Step Into Congo

Post a Comment » Written on August 28th, 2015     
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reposted from http://covenantcompanion.com/2015/07/16/step-into-congo-a-day-in-the-life/

When Annika Steib was in fourth grade she heard someone at Portage Lake Bible Camp talk about missions—and she knew right away that she wanted to be a missionary. “I like people, and I like helping them. Since I made that decision, I’ve gotten to do a lot of cool things,” she says.

Lidia Sanguma explains that entire lessons are written on blackboards because schools can't afford textbooks for every student.

So when her congregation at DeerGrove Covenant Church in Palatine, Illinois, hosted a Hope Sunday to sponsor children through Covenant Kids Congo (CKC), Annika was quick to tell her parents that she wanted to sign up.

Her youth pastor, Alicia Vela, says, “I remember that day and Annika telling me that she wanted to be a missionary. She picked that child. Not many students think like that.”

That was more than two years ago. Annika and her family have been corresponding with eight-year-old Delivrance, who lives in the remote Équateur Province in DR Congo, since then. They knew she had several siblings and they knew her favorite color. “She loves dolls, and she always draws a fish on her note,” Annika says.

Christine Buettgen and Lidia Sanguma demonstrate how many students have to sell fruit and vegetables in order to pay for their school fees each month.

But here in Knoxville Annika unexpectedly gained a clearer understanding of what Delivrance’s daily life is like. Step into Congo, one of the experiences offered at CHIC, provides students a glimpse into a day in the life of Congolese people.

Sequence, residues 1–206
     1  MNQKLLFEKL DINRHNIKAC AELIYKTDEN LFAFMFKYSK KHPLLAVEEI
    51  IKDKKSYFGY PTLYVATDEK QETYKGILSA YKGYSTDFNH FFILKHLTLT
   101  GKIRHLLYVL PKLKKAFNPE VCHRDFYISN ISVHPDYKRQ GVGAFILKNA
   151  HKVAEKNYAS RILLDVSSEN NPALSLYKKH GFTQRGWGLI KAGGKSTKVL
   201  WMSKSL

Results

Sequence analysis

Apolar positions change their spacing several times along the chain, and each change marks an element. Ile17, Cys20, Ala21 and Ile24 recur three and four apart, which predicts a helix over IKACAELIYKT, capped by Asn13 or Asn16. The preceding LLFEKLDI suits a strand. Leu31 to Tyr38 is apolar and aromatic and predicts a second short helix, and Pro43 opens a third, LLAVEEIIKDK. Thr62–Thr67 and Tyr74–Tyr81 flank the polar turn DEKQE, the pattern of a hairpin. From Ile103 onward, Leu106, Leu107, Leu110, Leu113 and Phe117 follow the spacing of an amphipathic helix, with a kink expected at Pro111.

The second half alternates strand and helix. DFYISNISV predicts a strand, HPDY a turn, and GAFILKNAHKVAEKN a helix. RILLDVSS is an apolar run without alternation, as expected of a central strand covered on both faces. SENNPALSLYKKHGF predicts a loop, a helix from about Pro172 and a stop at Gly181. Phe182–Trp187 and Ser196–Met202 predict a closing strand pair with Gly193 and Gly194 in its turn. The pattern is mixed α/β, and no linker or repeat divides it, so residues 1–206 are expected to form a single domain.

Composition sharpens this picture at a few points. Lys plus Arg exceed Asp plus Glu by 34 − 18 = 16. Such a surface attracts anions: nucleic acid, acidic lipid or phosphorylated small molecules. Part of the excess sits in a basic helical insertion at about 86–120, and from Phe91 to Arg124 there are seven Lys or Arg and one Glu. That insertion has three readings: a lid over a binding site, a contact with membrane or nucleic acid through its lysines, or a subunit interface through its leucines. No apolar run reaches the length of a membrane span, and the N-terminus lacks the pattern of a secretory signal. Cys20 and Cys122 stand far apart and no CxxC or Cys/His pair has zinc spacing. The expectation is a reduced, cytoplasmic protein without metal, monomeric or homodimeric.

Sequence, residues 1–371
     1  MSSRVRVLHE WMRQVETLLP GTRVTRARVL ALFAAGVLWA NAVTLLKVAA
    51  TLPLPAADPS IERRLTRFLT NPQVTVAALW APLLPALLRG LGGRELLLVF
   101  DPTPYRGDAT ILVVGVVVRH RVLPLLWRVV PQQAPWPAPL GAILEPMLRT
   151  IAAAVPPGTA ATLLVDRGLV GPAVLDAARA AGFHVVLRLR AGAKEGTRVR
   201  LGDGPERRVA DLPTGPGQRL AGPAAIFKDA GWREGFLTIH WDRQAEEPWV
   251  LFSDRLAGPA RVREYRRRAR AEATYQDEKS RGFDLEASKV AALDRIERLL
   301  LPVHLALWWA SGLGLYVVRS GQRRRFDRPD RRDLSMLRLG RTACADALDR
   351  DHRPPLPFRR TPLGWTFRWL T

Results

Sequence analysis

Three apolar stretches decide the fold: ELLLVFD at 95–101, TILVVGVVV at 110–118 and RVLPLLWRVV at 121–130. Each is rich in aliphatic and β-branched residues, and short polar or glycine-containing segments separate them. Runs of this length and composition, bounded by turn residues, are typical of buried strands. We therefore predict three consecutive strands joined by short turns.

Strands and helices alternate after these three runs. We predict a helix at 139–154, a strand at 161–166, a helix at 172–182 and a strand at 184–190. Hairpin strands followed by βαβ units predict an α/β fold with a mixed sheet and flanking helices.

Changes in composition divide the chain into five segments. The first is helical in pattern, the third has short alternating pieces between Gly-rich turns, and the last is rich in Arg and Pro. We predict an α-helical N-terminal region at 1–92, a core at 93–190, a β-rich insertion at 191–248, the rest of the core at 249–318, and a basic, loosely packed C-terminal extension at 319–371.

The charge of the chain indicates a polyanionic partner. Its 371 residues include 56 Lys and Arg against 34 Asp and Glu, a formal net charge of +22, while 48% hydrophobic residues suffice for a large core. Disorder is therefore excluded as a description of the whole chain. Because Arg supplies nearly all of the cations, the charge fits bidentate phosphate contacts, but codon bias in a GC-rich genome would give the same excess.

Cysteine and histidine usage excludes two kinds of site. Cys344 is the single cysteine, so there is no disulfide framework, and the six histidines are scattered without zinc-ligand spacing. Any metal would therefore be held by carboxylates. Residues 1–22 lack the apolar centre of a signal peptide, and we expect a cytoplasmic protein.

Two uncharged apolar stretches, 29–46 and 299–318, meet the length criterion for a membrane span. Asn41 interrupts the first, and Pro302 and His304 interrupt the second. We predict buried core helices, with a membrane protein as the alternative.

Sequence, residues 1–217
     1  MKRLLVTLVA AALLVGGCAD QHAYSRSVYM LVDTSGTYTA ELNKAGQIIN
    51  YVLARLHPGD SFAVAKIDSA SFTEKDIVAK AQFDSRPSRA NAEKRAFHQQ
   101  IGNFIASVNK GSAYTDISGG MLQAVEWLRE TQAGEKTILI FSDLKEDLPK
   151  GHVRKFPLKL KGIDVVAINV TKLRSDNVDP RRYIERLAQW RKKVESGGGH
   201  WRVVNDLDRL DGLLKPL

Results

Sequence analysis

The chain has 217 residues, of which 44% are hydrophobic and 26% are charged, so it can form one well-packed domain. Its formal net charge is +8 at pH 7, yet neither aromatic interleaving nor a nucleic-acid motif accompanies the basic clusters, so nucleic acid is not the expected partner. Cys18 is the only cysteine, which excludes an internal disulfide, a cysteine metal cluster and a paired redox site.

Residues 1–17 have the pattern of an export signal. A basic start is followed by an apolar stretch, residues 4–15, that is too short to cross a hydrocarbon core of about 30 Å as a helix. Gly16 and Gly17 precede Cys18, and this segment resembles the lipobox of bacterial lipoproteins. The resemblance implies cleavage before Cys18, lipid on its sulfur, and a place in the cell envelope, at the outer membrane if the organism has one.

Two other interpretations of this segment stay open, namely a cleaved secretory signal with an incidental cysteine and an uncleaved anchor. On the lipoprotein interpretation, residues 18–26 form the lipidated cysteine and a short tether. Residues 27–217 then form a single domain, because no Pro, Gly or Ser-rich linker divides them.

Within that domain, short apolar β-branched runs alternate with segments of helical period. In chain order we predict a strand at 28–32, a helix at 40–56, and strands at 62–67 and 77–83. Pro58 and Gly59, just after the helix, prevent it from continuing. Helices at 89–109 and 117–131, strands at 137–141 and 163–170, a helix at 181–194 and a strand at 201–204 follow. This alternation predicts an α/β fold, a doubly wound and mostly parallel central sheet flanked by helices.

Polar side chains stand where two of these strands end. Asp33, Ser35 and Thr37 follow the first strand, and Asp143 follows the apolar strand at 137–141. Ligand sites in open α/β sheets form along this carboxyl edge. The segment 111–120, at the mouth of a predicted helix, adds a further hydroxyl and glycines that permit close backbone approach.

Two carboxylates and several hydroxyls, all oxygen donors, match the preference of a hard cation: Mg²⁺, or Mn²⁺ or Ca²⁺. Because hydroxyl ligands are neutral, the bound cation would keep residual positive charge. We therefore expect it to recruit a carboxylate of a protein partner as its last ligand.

“First we took off our shoes,” said Annika, “to walk past our sleeping mat. It’s symbolic of humbling ourselves. Then we had to carry a jerry can to fetch water with broken flip-flops in socks. It was hard.” Her guide explained that a sixteen-year-old student might have to walk two miles to the nearest water source. She might put on her plastic flip-flops for the walk, but if they broke once she reached the well, she’d have to walk the two miles home in broken flip-flops.

“That was the hardest part,” Annika reflected. “The broken flip-flops really caught me off guard. They seem really disposable. We could get those at Old Navy.”

Other steps of the experience included having their hair braided by a friend and a dance lesson and playing drums with other participants Congo style.

At the Lycée Congo, participants learned what it’s like to go to school. Congolese students place a high value on their education because they have to work hard for the opportunity to stay in school. “We got to meet a woman who grew up in Congo. It was so cool to hear about her story. She taught us the French verb aimer, for ‘to love,’” said Annika. Lidia Sanguma, who grew up in Congo and currently lives and works in Minneapolis, was the teacher for the day.

The model school, which was constructed on-site for the event by Scot Gillan, pastor of Naperville (IL) Covenant Church, and Meagan Gillan, women ministries leader for the ECC, replicates schools in Congo like Lycée Vanette School, which is part of the Educate the Girls Project of Covenant Women Ministries. Students had an opportunity to write messages of encouragement to their peers at Lycée Vanette. Many wrote in French, aided by translations made available, saying, “You are loved,” or “We are praying for you!”

Annika (left) and her youth pastor Alicia Vela at CHIC

Students also were encouraged to take action. Because many phones and laptops are made with conflict minerals from Eastern Congo, students wrote letters to their tech company, asking them to stop fueling war in Congo through the use of such minerals. Katie Isaza, Covenant missionary serving in Colombia, said, “Some students asked if they could write to more than one technology company. In fact, Ella and Megan from Woodbury, Minnesota, took twenty minutes to sit down and write to every company on the list. It was pretty amazing.”

Covenant churches are invited to host a second Hope Sunday for CKC if they’ve already had one. “We need the participation of every single congregation in order to reach our sponsorship goal of 10,000 children,” Christine Buettgen, project manager of CKC, said.

Reflecting on the experience, Annika Steib said, “I saw how life in Congo was really different from my life. Besides loving God, we live in completely different places.”

For information on hosting a Hope Sunday, click here, or email Christine Buettgen.

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